|June 3, 2009||Posted by John Arcadian|
Based on Nojo’s comment, which alerted me to the idea of player wish lists, and Matthew’s excellent article, Improve Your Game Guaranteed, talking about treasure and loot, I got to thinking about 4e’s use of player wish lists. Though I’ve never run a 4e game, and I’ve only played in a game or two at conventions, there are a lot of fun elements to it. One of those elements is the use of a Player Loot Wish List.
At the beginning of each level, players write up a list of magic items that they are interested in. The DM (it’s D&D after all) is encouraged to incorporate at least one of the magic items on the list into the loot that is giving out during the adventure.
The idea of a player wish list is something incredibly easy to drift. It is a simple concept. Players write down things they’d like to see happen, the GM (Sorry, I can’t break myself of saying GM.) incorporates some or all. At its core it’s a very simple example of shared narrative. Players influence the game by requesting events beforehand. Here are some places that you can drift wish lists to:
- Other games, obviously. Player wish lists aren’t exclusive to D&D. The idea isn’t even unique to D&D. More on that later.
- Player wish lists for magic items are good, but they can be used for all sorts of loot as well. Mage looking for specific spell components? Maybe she puts it on a more generalized loot wish list and the GM throws a wagon train of stolen spell components in the next encounter. Maybe the players are tired of getting coin loot or gems, so they put a few suits of armor or art works onto their wish list. Now you, as the GM, might have them raid a barracks or art gallery on an unrelated mission, and maybe they get away with a few other pieces.
- Player wish lists can be a listing of character goals. I’ve been in loads of games where the GM asks for a list of character goals at the beginning and tries to work them in as the game go along. Its almost common in the games I run, and its a great way to get ideas to build your games around. Even published adventures have room for customization.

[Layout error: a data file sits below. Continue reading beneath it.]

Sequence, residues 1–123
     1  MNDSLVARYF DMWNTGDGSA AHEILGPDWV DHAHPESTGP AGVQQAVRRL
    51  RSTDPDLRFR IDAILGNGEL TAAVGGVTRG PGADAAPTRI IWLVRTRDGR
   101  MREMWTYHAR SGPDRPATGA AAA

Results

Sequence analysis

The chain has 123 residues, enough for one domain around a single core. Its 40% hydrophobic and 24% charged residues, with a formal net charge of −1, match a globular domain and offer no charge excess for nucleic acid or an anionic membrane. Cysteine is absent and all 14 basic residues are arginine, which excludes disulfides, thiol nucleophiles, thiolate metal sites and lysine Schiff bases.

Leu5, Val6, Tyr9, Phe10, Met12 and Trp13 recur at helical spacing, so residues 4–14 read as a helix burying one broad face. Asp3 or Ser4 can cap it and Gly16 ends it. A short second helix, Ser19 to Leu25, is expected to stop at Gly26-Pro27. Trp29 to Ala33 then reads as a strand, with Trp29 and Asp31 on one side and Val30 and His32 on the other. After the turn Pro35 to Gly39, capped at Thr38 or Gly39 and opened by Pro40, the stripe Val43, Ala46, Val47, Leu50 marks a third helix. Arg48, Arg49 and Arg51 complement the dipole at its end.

- BBEG – Who do the players really want to take out? Are they hunkering for a hankering of half dragon hide? Are the players aiming to axe an axex or archon? Using a player wish list for enemies can integrate with player wish lists for loot as well. Do they want to down a dinosaur and divvy up its dentures?
- Where and how do the players want to play? Players can write up wish lists of locations they want the game to move to, or styles of play they want to try. Do they want their adventures to occur in a big city environment? If they let you know this you can start researching Sharn and Ptolus for ideas. Maybe they want to do more dungeon crawls or be involved in more large scale battles. Maybe aerial battles or pirate ships are looking pretty good.
So the thing is, player wish lists aren’t all that unique. I”d say they’re actually a pretty common concept at their core. Martin wrote about player flags on Treasure Tables, and every company tries to get customer feedback to know what direction to take their products next. Comment forms adorn nearly every website, and suggestion pots are common as well. For another gaming example, look at Robin Laws’ player goal chart in Robin’s Laws Of Good Game Mastering.
So the concept isn’t that new, but I’ll definitely say one thing for D&D’s implementation of it. It takes a very abstract thought: “Get feedback from players about what to do next” and makes it into a rule. For some games, like D&D, it is much easier to implement new ideas when they are rules and not just a thought on how to do something. The abstract doesn’t always make the impact that the tangible and cogent does. Sometimes it has to be written out and codified. So next time you’re wondering what your players want to see out of your game, have them write it down on a wish list.
How have you gotten player feedback in your games? Is it always as tangible as player wish lists, or is it easier for you to do it more abstractly? Does it feel more permanent when its written down, or is it less limiting when it isn’t?
About John Arcadian
John Arcadian is the head of Silvervine Games, a freelance writer and art director, a website developer, a builder of sonic screwdrivers, and a purveyor of kilted mayhem. When he isn't out causing trouble in his kilt... Well, no, that is pretty much what he does when he isn't running RPGs or or trying to take over the world.